Lynn M Olson, PhD and Mary Pat Frintner, MSPH

BACKGROUND:  The growing number of immigrant children in the U.S. (defined as child or parent born outside of U.S.) is becoming well known.  Unexplored is the portion of younger pediatricians themselves who were immigrant children.

OBJECTIVE:  Examine the immigrant status of pediatricians and the relationship with race and career choices.

METHODS: National, weighted data were drawn from the AAP PLACES longitudinal study of younger pediatricians with two cohorts: recent grad (2-4 years post residency) and early career (9-11 years post residency). Chi-square and t-tests examined the relationship between immigrant status and career choices and immigrant status and patient population, respectively.

RESULTS: 93% of PLACES participants completed the 2013 survey (n=1669).  22% of pediatricians report they were born outside the U.S. and 40% report that 1 or both parents were born outside the U.S.  Immigration status varied by pediatrician race, p<.001, with most Asian, Hispanic, and those selecting "other" race reporting a parent born outside the U.S.  [table1]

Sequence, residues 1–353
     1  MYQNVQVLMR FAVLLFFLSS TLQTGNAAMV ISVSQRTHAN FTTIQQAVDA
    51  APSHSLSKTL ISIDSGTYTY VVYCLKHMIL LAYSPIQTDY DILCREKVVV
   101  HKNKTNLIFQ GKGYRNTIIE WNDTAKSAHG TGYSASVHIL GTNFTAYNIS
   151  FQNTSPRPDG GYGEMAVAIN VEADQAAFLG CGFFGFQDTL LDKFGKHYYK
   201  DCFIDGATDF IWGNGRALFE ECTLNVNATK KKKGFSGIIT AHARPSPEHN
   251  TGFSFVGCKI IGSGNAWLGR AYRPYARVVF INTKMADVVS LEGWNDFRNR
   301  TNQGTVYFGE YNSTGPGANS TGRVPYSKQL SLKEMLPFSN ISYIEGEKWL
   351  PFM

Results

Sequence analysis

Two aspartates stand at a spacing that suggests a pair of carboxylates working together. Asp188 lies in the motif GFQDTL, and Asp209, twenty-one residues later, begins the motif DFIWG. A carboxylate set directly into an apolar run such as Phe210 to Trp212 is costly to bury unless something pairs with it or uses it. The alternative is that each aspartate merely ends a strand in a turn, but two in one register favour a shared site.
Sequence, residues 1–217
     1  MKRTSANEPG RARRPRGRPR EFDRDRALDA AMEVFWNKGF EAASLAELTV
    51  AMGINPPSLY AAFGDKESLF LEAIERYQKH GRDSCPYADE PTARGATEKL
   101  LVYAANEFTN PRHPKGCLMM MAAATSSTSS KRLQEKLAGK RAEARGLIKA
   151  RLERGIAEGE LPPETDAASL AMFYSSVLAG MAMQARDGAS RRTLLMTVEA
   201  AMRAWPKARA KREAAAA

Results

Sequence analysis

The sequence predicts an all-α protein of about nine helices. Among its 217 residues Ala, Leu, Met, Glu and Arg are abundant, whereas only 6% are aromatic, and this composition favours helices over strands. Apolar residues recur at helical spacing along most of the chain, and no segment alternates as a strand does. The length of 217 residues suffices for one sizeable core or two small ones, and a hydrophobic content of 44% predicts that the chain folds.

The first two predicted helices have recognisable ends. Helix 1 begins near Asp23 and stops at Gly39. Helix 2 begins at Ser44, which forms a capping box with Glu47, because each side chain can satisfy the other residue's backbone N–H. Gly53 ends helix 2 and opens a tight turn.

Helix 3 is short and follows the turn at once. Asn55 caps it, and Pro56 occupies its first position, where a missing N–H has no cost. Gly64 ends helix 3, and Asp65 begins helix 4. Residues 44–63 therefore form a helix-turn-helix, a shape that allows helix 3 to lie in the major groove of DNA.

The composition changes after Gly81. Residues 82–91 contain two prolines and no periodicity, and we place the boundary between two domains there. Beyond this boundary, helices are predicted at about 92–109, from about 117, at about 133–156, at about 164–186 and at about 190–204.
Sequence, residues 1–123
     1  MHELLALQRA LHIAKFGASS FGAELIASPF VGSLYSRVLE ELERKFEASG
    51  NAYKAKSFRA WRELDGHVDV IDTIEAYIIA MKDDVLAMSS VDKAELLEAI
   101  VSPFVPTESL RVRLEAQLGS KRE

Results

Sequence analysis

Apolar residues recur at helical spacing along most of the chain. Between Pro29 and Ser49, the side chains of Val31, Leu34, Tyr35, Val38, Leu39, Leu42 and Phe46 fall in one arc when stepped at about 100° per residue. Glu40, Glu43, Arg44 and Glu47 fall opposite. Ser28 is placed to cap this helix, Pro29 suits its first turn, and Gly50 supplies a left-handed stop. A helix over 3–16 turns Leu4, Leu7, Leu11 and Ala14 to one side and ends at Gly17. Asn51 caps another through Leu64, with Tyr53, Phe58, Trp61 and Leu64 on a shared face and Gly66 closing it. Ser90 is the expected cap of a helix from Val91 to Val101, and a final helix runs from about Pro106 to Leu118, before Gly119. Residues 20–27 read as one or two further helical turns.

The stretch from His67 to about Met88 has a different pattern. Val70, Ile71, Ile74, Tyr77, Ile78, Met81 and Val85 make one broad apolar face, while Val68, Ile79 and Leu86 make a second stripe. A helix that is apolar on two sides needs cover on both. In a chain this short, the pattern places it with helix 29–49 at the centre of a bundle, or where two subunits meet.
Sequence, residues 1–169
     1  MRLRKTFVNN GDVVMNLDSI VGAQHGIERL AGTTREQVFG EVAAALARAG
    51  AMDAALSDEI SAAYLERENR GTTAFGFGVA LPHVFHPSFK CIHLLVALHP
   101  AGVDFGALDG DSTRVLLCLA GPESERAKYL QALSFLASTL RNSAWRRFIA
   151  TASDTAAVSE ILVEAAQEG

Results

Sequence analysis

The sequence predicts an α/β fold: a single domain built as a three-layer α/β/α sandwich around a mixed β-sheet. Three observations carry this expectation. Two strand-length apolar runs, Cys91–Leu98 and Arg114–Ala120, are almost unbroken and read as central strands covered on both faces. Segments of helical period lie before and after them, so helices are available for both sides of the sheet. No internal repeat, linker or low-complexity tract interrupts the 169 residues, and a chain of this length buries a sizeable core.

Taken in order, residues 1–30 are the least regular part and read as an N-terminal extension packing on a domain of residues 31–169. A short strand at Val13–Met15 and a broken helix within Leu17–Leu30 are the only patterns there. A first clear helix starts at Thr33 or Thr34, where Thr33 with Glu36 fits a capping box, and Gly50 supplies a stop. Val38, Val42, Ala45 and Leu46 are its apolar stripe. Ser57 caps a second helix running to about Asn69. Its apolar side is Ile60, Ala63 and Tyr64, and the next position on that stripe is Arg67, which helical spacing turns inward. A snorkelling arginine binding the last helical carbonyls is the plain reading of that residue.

Immigrant pediatricians (self or parent) were more likely than non-immigrant pediatricians to report proficiency in a language other than English (62% vs 25%, p<.001), and more likely to care for a higher proportion of patients with limited English proficiency (mean % = 28 vs 17, p<.001) and patients with public insurance (mean %=52 vs 45, p<.001).  

Among those not in fellowship training, (n=1415), immigrant pediatricians were just as likely as non-immigrant pediatricians to report general pediatrician (50% vs 51%, p=.82), hospitalist (10% vs 13%, p=.08), or subspecialist (32% vs 29%, p=.29) as their current primary position.  However,  they were more likely to report working in an urban, inner city area (31% vs 23%, p<.01) and less likely to be working in a rural area (6% vs 12%, p<.001

: Among pediatricians within 11 years of having completed residency, 40% would have been considered to be an "immigrant child," reflecting substantial diversity of background among younger pediatricians. Racial and ethnic minorities are especially likely to come from an immigrant background.